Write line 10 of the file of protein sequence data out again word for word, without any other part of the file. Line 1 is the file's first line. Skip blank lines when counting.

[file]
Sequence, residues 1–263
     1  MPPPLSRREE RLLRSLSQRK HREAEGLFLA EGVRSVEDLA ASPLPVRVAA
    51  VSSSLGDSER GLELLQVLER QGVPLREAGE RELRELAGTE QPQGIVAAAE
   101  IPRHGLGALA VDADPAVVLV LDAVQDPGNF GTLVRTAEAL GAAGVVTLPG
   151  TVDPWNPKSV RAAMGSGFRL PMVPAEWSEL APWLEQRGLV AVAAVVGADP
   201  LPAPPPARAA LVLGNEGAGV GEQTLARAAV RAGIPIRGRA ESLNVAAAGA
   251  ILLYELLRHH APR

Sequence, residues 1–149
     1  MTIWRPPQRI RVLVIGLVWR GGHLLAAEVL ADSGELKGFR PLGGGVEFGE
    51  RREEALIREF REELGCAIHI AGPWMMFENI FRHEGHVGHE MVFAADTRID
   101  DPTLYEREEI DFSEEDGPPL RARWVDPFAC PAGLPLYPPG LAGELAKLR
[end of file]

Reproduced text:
    51  RREEALIREF REELGCAIHI AGPWMMFENI FRHEGHVGHE MVFAADTRID